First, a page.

Without thinking too much, I decided to open the box where it lay on the ground. I pulled at a corner and released a thick staple. I could see some plastic inside but it wasn’t until I pulled out another staple that I suddenly realized what I was looking at and almost touching. I stood back in shock…"


Friday, February 13, 2015

Going Green

North East River

Green is definitely the way to go. The more we can live simply, the less stress, the less cost, and the less we take from our environment, the better life can be. Eric and I have started to make major changes in how we run our home. When we moved here several years ago, our motivation for buying was the land. We wanted space for our children, then just young teenagers, to have room to play outside. Little did we know how much influence the North East River would have on our lives. We discovered a community college (Cecil College) just a couple of miles from our home for our kids to start their second phase of education. We found the Tome school for our youngest daughter to enjoy her high school years where she received a healthy social life as well as a sound education.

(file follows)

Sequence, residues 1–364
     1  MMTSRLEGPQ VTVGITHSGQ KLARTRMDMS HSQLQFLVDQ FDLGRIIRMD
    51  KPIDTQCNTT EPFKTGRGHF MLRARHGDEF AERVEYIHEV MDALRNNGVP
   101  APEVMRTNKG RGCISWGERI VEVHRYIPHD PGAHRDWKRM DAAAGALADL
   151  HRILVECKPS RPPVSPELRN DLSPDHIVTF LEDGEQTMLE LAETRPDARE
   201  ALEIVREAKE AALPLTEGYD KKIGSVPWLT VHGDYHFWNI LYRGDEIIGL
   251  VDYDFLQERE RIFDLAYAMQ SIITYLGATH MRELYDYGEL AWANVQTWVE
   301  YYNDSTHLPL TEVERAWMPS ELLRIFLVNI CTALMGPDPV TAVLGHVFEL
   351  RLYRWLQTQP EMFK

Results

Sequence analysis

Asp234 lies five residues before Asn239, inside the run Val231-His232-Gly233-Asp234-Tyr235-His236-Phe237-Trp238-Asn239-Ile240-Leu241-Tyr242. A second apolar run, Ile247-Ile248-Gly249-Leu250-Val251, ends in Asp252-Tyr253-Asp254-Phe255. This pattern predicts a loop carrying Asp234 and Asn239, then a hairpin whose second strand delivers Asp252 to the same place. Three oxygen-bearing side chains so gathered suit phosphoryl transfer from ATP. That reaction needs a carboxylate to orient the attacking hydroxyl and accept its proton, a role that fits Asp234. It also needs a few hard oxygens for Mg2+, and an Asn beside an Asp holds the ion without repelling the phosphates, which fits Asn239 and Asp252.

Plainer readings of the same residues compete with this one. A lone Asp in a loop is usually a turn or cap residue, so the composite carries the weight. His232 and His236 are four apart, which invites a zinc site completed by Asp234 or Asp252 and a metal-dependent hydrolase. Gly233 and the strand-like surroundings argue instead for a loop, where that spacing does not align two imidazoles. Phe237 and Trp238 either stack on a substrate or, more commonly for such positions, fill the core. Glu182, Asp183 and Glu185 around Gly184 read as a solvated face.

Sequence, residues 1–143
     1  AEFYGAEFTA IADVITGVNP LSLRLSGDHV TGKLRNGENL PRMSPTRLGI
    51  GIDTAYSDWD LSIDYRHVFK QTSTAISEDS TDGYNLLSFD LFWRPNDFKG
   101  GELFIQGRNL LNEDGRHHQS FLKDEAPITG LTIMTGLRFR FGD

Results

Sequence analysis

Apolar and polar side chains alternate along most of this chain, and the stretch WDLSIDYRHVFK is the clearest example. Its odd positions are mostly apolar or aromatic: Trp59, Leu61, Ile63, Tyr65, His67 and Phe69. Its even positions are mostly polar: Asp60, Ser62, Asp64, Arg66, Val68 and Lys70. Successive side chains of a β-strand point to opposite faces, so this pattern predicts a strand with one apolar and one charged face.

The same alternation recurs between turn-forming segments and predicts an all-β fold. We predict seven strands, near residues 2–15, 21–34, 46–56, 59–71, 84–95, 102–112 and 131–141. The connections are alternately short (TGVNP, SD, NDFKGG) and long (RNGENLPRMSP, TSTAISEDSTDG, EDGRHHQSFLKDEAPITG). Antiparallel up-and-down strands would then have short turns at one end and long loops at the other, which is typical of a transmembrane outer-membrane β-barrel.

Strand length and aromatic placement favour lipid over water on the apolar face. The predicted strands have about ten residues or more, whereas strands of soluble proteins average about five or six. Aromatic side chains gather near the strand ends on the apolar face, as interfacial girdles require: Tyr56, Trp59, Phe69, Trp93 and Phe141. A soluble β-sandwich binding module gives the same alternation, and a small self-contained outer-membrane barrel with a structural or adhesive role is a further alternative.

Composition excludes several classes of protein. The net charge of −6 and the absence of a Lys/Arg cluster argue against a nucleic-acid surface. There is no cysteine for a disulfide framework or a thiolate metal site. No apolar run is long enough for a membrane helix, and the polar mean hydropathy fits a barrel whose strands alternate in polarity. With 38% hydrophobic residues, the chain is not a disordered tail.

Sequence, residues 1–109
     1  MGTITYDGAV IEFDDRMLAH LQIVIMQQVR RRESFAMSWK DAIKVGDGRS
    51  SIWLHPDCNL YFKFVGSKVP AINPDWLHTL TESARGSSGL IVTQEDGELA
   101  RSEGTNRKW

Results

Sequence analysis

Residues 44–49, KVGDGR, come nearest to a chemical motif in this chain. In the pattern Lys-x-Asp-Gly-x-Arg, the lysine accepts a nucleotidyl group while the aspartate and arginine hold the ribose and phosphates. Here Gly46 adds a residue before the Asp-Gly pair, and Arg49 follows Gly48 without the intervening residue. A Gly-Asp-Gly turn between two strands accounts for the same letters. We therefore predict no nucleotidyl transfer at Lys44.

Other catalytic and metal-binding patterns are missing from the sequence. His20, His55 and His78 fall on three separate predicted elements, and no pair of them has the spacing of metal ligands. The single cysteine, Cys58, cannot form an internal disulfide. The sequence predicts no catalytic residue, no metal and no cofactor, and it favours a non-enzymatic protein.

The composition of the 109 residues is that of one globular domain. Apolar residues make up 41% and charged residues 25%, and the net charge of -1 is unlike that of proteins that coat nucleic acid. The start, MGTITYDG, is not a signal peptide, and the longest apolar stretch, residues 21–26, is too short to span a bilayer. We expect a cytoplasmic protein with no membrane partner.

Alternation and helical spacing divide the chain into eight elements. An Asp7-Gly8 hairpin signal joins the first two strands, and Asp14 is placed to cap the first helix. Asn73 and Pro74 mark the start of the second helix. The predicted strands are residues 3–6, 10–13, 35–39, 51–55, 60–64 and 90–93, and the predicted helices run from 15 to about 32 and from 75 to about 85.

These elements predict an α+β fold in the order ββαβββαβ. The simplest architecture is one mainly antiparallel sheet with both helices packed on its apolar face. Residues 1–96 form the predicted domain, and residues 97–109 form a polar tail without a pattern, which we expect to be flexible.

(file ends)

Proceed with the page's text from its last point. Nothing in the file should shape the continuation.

Our new Ideal Steel Hybrid heating our home
Aside from the social changes, our life here was slow to change besides planting the normal garden plot, adding some fruit and nut trees and grape vines to add to our summer bounty. A couple of years ago, Eric branched out and bought six peeps. We were surprised how much we enjoyed having them and the fresh eggs as well as a source of amazing compost from their droppings. Over the months since, we learned about molting, bullying, possums, and the aspects of chicken raising that we had no education in, but comically, how many people are under the mistaken impression that you need a rooster for a chicken to lay eggs. Nope, no rooster and plenty of eggs.